Note on Nominal Rigidities and News-Driven Business Cycles ()

Kengo Nutahara

Department of Economics, Senshu University, Tokyo, Japan.

**DOI: **10.4236/tel.2012.25079
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Department of Economics, Senshu University, Tokyo, Japan.

A news-driven business cycle is a positive comovement of consumption, output, labor, and investment from the news about the future. We show that nominal rigidities, especially sticky prices, can cause it in a medium-scale DSGE economy through countercyclical movements of the price-markup. We also find that sticky wages cannot generate it, but they amplify the effects of news shocks.

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Nutahara, K. (2012) Note on Nominal Rigidities and News-Driven Business Cycles. *Theoretical Economics Letters*, **2**, 431-434. doi: 10.4236/tel.2012.25079.

1. Introduction

A news-driven business cycle (hereafter, NDBC) is a positive comovement of consumption, labor, investment, and output from a news shock about future productivity.

It is well known that the standard real business cycle model cannot generate it. Since the paper by Beaudry and Portier [1], many models of NDBCs are proposed^{1}.

In this paper, we focus on nominal rigidities as sources of NDBCs. We employ the model of Fujiwara, Hirose, and Shintani [7], which is an estimated medium-scale DSGE economy a la Smets and Wouters [8] with news shocks. It is shown that NDBCs are generated because of nominal rigidities, especially sticky prices. The news shock causes a boom through the countercyclical movements of price markup. We also find that sticky wages are not sources of NDBCs in our model, but sticky wages are important as frictions that amplify the effect of the news shock.

This paper is also closely related to the one by Kobayashi and Nutahara [6]. They show that sticky prices and wages can be sources of NDBCs using a simple model theoretically. However, it is not clear that nominal rigidities work in realistic models with estimated parameter values. Medium-scale DSGE models are widely used for policy analysis and we use estimated parameter values. Therefore, we show that sticky prices are important sources of NDBCs in a widely used model with estimated parameter values, but sticky wages are not.

The rest of this paper is organized as follows. Section 2 introduces our model. In Section 3, it is shown that nominal rigidities, especially sticky prices, are sources of NDBCs. Section 4 draws our conclusions.

2. Model

2.1. Baseline Model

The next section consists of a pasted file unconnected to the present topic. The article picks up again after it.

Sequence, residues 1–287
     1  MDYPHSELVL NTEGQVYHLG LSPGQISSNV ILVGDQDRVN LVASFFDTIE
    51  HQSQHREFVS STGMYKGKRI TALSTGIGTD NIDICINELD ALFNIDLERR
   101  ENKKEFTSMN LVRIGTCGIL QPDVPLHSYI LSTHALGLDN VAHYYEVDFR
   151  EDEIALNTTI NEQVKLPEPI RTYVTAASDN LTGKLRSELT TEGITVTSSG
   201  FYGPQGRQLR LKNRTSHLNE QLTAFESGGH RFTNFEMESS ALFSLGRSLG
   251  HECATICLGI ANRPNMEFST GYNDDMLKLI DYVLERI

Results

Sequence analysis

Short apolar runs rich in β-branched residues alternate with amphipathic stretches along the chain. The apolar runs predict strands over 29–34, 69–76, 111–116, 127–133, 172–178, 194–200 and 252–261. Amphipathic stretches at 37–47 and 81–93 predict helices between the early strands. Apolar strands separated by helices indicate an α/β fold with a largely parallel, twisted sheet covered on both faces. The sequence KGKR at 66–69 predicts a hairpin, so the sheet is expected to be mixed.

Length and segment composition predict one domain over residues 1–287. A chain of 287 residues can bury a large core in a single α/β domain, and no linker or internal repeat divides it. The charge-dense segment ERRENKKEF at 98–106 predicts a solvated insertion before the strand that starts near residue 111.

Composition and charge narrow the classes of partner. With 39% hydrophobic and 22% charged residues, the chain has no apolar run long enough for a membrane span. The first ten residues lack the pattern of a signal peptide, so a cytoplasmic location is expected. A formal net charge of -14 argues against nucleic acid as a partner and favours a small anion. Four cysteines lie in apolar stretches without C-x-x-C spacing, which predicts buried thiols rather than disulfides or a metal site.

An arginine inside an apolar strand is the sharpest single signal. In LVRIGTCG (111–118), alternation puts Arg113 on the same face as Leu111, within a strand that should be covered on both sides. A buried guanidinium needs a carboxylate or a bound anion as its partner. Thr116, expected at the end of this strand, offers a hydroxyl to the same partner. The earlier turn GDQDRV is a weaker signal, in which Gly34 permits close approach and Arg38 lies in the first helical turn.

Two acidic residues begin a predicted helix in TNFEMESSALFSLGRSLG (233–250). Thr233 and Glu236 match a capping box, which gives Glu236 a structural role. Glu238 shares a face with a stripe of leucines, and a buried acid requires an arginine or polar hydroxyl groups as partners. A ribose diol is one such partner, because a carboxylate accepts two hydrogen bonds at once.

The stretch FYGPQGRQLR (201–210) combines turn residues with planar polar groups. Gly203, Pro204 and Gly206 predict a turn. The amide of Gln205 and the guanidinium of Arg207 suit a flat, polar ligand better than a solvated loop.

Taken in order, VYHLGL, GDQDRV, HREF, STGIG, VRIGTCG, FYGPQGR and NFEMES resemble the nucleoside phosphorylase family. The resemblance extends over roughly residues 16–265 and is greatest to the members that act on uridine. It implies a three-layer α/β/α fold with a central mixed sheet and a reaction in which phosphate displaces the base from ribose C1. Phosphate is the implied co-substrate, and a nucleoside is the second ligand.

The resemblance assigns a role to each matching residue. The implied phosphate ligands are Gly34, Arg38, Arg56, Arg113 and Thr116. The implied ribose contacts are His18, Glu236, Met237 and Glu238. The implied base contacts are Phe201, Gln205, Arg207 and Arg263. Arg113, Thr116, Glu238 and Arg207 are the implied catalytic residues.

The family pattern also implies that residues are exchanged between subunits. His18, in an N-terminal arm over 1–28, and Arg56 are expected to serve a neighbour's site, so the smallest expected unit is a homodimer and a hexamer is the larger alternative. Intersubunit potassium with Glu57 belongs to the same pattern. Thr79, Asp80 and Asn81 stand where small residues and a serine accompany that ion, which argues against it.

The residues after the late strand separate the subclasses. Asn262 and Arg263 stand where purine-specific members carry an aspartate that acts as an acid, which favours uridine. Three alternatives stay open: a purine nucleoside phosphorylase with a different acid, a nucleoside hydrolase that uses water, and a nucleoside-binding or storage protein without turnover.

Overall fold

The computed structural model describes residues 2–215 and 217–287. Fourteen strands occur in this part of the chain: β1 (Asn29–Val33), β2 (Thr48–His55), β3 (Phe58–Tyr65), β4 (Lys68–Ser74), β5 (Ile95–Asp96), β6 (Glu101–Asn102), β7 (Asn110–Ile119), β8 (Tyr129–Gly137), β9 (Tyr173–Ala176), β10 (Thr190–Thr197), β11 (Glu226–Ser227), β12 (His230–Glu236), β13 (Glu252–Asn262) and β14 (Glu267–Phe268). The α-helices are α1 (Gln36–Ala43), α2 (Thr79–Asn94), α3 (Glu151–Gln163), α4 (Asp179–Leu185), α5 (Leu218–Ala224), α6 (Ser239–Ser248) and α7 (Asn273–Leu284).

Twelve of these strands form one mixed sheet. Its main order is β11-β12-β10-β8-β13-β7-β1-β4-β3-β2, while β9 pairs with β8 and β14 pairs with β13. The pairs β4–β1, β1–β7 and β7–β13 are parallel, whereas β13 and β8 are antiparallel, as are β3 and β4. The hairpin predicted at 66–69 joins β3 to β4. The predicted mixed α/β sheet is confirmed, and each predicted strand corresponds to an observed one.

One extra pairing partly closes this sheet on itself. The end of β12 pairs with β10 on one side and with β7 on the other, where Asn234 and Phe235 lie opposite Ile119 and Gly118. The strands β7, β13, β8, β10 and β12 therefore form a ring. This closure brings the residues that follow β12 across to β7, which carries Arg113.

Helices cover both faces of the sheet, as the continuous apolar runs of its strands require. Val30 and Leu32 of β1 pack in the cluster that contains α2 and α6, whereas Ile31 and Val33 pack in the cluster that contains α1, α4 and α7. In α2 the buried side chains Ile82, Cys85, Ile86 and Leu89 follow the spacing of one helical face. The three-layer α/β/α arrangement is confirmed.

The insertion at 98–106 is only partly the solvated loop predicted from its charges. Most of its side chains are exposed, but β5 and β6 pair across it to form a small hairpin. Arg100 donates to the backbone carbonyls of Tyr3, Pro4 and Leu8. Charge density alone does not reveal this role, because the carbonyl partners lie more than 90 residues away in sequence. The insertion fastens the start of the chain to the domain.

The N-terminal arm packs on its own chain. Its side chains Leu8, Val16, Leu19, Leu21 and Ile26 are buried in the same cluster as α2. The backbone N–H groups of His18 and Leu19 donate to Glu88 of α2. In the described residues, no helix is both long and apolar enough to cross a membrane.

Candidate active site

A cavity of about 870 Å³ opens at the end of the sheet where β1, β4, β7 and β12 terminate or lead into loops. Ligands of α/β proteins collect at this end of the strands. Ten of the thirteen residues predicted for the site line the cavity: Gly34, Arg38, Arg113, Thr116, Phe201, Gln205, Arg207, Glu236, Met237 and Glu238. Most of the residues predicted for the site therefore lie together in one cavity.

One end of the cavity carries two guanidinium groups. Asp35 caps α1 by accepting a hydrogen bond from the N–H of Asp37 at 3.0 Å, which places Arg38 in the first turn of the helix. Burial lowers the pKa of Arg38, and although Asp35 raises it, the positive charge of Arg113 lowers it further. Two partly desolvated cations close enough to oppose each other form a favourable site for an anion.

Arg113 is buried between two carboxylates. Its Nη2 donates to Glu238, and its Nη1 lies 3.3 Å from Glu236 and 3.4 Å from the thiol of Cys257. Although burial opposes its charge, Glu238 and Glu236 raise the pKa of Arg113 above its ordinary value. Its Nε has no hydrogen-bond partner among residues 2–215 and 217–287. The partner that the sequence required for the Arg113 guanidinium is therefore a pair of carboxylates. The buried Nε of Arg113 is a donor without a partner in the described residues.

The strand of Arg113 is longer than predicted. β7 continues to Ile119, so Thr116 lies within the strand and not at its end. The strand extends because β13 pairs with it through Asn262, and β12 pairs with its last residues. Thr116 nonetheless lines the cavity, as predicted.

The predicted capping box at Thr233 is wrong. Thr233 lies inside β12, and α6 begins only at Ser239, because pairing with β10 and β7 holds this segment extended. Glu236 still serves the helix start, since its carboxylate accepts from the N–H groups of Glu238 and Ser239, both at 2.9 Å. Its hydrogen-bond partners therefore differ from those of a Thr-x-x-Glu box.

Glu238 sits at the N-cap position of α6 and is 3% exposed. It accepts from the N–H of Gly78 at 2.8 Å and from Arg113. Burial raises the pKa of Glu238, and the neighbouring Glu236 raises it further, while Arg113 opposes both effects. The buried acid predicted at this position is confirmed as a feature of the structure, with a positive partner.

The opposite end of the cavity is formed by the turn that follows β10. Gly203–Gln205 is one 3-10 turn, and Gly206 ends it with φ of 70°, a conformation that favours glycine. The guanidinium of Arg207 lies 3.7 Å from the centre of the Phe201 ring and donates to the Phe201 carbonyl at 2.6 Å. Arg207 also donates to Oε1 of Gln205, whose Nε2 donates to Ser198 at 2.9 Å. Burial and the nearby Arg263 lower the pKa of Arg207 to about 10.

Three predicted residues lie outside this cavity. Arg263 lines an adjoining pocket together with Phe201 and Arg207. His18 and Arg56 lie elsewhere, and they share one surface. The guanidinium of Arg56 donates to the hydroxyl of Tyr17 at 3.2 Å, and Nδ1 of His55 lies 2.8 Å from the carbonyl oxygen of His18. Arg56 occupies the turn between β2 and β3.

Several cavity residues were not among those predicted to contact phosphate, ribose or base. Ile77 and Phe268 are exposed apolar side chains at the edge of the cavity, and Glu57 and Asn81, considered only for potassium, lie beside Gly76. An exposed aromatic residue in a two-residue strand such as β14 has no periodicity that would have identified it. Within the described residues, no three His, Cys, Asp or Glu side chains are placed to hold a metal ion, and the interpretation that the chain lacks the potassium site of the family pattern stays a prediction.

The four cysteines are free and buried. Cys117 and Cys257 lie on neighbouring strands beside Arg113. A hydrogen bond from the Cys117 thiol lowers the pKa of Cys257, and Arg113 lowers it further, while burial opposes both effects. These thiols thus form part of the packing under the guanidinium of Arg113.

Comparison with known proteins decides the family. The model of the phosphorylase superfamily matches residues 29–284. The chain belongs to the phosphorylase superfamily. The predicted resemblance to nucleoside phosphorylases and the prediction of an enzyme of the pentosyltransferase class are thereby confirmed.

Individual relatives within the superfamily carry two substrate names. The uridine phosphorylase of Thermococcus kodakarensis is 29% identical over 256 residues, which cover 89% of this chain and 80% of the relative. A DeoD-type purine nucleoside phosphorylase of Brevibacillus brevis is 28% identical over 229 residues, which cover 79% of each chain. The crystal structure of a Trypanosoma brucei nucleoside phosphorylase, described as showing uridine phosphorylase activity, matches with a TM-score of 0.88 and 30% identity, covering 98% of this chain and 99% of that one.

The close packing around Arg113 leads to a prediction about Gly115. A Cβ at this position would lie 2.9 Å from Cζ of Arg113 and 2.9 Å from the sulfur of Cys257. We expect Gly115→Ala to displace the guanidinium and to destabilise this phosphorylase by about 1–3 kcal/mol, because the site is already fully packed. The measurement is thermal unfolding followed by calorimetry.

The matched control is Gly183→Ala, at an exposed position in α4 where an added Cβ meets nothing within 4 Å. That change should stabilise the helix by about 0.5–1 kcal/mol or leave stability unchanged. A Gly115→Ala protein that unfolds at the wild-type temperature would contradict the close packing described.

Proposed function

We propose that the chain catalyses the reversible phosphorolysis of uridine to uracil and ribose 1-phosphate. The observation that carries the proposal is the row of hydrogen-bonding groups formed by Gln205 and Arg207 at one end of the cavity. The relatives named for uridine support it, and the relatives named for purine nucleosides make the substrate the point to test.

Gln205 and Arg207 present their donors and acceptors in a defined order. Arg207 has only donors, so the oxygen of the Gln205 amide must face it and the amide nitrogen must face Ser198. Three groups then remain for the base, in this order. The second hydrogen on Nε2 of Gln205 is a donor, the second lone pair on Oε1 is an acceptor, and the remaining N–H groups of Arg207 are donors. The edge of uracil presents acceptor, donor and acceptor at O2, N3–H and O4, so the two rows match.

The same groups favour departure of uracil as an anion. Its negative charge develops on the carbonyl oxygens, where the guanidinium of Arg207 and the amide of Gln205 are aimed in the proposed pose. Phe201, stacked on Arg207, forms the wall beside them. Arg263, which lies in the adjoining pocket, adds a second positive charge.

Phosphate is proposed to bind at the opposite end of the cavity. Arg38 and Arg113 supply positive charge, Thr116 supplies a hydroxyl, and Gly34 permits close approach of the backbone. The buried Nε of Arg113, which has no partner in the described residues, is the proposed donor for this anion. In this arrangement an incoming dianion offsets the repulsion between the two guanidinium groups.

Our model is the same employed by Fujiwara, Hirose, and Shintani [7], which is based on a medium-scale DSGE model of Smets and Wouters [8] with news shocks.

In our model, the representative household faces to the external habit persistence in the consumption and the adjustments costs of investments. The utilization rate of capital is variable. Nominal prices and wages are sticky and they are partially indexed to past inflation. Monetary authority follows a Taylor type nominal interest rate rule. Finally, there are many exogenous shocks that affect the economy.

The resource constraint is

, (1)

where denote the output, the consumption, the investment, the capital utilization rate, and the government expenditure shock, respectively. denote the steady state share in output of consumption, investment and capital utilization cost, respectively.

The consumption Euler equation is

,(2)

where

denotes the parameter on the external habit;, the steady-state growth rate; and, the inverse of the intertemporal elasticity of substitution., , and denote the labor supply, the nominal interest rate, and the inflation rate, respectively.

The investment Euler equation is

, (3)

where

denotes the discount factor of household;, the steady-state elasticity of the capital adjustment cost function; and, the investment-specific technology shock.

The capital Euler equation is

, (4)

where

.

denotes Tobin’s Q and denotes the depreciation rate of capital.

The production function is

, (5)

where denotes capital service;, productivity;, the share of capital in production; and, one plus the share of fixed costs in production.

The capital service, , is

(6)

where denotes the capital stock at the end of period t−1.

The utilization rate, , is determined by

, (7)

where denotes a positive function of the elasticity of the capital utilization adjustment cost function and normalized to be between zero and one.

The evolution of capital stock, , is

, (8)

where

The price markup, is

, (9)

where denotes the wage rate.

The Phillips curve with partial indexation is

, (10)

where

denotes the degree of indexation to past inflation;, the degree of price stickiness;, the curvature of the Kimball goods market aggregator; and, the price markup shock.

The rental rate of capital is

(11)

The wage markup, , is

, (12)

where

, (13)

and denotes the elasticity of labor supply with respect to the real wage.

The wage Phillips curve with partial indexation is

, (14)

where

, denotes the degree of wage indexation;, the degree of the wage stickiness;, the curvature of the Kimball labor market aggregator; and denotes the wage markup shock.

The monetary policy is

, (15)

where denotes monetary policy shock.

The evolutions of shocks are AR(1):

(16)

(17)

(18)

(19)

(20)

(21)

Technology shock is consist of unanticipated and anticipated components:

, (22)

where denotes a news shock observed at period t−i.

2.2. Flexible Price-Wage Economy

We also consider the role of news shocks in the flexible price-wage economy. In this economy, price and wage markups are constant: and two Phillips curves (10) and (14) are removed from the baseline model.

3. Main Results

3.1. Responses to News Shocks

Following Christiano, Ilut, Motto, and Rostagno [4], we consider the following impulse. Up until period t = 0, the economy is at the steady state. At period t = 0, a news shock hits the economy:. However, at period t = 4, the expected rise in productivity does not occur:. This is interpreted as the news turning out to be false.